If you are not vaccinated, I understand some arguments as to why not, and I don’t think you are perpetually carrying the Black Plague, but I strongly suggest getting the vaccine, at least the two and the booster.

Regardless, if you’re not already, get the hell out of the house. See people and lift weights. The messaging on the benefits of those activities is and has always been clear.

Second pillar: “We told you so” is the anti-mandate slogan for 2021. Every single step the lockdown/mandate crowd has taken has worked either to the detriment of their own messaging, their moral legitimacy or both. To just say “get the vaccine” and to create a consistent message of their effectiveness would have solved a lot of problems that now confound them. It is not the “anti-vax” movement that is the primary issue, they’re actually not. The primary issue is that the pro-mandate argument, being founded on moving goalposts and gaslighting, has made the anti-vax case stronger.  There IS, I should point out, a distinction between anti-vax and anti-mandate.

Everything the pro-mandate argument told us we were foolish, selfish, cruel or paranoid for suggesting would come to pass, like the worsening of every other health problem in the country and how it wasn’t “just two more weeks” has not only come to pass, but it’s worse than we could’ve imagined. People are angrier, sicker, lonelier and more afraid than they were beforehand, and we didn’t do anything to facilitate that. We said assess the risks, then gather, work out, be with friends and enjoy life on those conclusions. The pro-mandate crowd said “stay in the box, on Zoom and Netflix” before adding “regardless of vaccination status”.

Lastly, it didn’t have to be this way. It simply didn’t, and it doesn’t have to continue. For most in the South, and it seems like a fair few in the Northeast, it won’t. But the lessons of Team Lockdown should not be forgotten. You always have time to consider, especially when you are told that you don’t. There are other killers out there, including isolation. Life in a box is something that awaits us all but is not something to emulate.

And finally, and most important of all, in-person connection IS essential. The denial of this fact alone is the cause of all of the problems that, once again, didn’t need to happen. There is simply no substitute for the kind of connection that comes from being in the same space as other people and we should question those who would suggest otherwise, especially over the long-term

There are examples throughout philosophy, science and our own experience that affirms there is something irreplaceably good about the power of in-person connection. Dietrich Bonhoffer wrote in “Life Together” that “the physical presence of another Christian is a source of incomparable joy and strength to the believer”, the writer of Hebrews implored his readers not to shun meeting together, Aristotle observed that friendship is the one thing with which, were all else lost, a person would still go on living. There is now study after study on the impact of isolation and the response to the pandemic on mental health and addiction, none of which are positive. The news media, of course, only blames the pandemic generally and never the response to it that is ultimately responsible.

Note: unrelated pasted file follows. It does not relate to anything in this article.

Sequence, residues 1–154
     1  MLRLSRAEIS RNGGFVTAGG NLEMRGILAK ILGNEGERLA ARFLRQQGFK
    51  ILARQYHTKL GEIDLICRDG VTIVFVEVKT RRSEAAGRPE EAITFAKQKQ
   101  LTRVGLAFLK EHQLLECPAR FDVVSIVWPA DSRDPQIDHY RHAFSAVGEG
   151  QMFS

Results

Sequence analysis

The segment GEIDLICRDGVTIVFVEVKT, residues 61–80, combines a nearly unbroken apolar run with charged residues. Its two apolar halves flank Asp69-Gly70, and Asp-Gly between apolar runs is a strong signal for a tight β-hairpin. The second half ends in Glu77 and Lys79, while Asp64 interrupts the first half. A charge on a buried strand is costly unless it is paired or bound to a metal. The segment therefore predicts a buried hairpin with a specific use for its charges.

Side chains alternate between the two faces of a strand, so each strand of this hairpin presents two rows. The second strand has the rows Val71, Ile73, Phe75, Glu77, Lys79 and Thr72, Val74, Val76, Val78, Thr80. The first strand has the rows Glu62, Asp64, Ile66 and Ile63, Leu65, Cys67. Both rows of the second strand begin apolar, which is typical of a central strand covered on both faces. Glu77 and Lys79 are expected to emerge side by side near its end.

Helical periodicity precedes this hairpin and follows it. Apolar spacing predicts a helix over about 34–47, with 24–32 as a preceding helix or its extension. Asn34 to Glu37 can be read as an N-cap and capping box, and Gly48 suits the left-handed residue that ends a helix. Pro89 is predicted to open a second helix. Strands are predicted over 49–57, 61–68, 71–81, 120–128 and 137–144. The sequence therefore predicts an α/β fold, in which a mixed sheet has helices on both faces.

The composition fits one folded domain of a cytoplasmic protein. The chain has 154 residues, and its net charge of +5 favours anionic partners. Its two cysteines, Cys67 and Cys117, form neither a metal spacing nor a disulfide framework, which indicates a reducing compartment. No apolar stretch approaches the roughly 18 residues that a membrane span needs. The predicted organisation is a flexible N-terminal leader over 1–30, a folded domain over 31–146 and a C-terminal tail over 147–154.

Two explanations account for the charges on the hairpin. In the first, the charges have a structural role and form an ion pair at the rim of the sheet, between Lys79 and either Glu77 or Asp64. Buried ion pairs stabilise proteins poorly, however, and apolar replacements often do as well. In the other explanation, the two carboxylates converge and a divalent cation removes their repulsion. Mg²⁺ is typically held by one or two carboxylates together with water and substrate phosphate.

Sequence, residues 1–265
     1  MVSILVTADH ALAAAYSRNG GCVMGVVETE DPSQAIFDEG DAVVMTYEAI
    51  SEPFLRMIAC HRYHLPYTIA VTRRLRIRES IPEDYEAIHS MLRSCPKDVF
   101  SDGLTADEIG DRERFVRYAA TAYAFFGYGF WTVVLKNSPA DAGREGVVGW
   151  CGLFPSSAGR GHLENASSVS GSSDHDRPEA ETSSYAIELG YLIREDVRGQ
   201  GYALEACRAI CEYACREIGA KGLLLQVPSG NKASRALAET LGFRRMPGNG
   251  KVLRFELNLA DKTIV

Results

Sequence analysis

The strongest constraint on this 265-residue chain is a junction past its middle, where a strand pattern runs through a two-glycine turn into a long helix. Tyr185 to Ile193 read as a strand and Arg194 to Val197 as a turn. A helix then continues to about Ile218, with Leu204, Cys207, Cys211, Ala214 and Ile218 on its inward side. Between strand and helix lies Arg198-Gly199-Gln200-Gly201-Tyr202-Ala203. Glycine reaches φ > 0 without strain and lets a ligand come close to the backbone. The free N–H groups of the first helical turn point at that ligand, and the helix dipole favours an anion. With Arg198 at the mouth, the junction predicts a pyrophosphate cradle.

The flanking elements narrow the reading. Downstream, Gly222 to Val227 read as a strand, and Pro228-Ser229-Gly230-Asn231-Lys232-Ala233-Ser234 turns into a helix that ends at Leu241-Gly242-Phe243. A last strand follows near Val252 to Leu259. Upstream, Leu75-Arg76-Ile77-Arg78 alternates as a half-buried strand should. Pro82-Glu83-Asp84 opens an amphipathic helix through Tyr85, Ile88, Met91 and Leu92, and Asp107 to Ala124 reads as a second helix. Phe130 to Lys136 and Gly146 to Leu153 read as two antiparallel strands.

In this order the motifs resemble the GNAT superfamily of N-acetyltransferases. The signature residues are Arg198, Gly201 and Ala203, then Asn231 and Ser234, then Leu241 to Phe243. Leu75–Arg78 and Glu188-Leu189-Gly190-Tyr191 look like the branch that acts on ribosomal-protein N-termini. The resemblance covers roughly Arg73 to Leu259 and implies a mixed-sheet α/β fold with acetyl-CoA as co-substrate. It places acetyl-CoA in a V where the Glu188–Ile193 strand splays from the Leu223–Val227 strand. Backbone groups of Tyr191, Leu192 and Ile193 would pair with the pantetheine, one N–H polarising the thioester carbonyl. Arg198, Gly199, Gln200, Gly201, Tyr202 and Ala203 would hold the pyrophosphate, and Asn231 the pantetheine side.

More immediately, how good did it feel to gather with people again?  I know it was an ironic meme for introverts that “we’ve been training to stay away from people our whole lives”, but those didn’t last very long, did they? There seems to be an inherent knowledge that any belief system that advocates for long-term isolation is inherently unhealthy, so why did it become a virtue and why does it still persist?

The problem of the lockdown/mandate argument is that it is fundamentally anti-human, it can’t be anything else. Between the pro-mandate, anti-vaccine and pro-vaccine/anti-mandate arguments, only the third party is more beneficial than not. It is important to learn the lessons of what not to do from this misanthropic ideology and use those lessons to repair the significant damage it has caused and be ready for the next time that government tells us “we don’t have time to think”.

We do have time to think. We always do. And it is the best interests of everyone that we do so. We’ll close with this from C.S. Lewis 

“In one way we think a great deal too much of the atomic bomb. ‘How are we to live in an atomic age?’ I am tempted to reply: ‘Why, as you would have lived in the sixteenth century when the plague visited London almost every year, or as you would have lived in a Viking age when raiders from Scandinavia might land and cut your throat any night; or indeed, as you are already living in an age of cancer, an age of syphilis, an age of paralysis, an age of air raids, an age of railway accidents, an age of motor accidents.’

In other words, do not let us begin by exaggerating the novelty of our situation. Believe me, dear sir or madam, you and all whom you love were already sentenced to death before the atomic bomb was invented: and quite a high percentage of us were going to die in unpleasant ways. We had, indeed, one very great advantage over our ancestors—anesthetics; but we have that still. It is perfectly ridiculous to go about whimpering and drawing long faces because the scientists have added one more chance of painful and premature death to a world which already bristled with such chances and in which death itself was not a chance at all, but a certainty.

This is the first point to be made: and the first action to be taken is to pull ourselves together. If we are all going to be destroyed by an atomic bomb, let that bomb when it comes find us doing sensible and human things—praying, working, teaching, reading, listening to music, bathing the children, playing tennis, chatting to our friends over a pint and a game of darts—not huddled together like frightened sheep and thinking about bombs. They may break our bodies (a microbe can do that) but they need not dominate our minds.”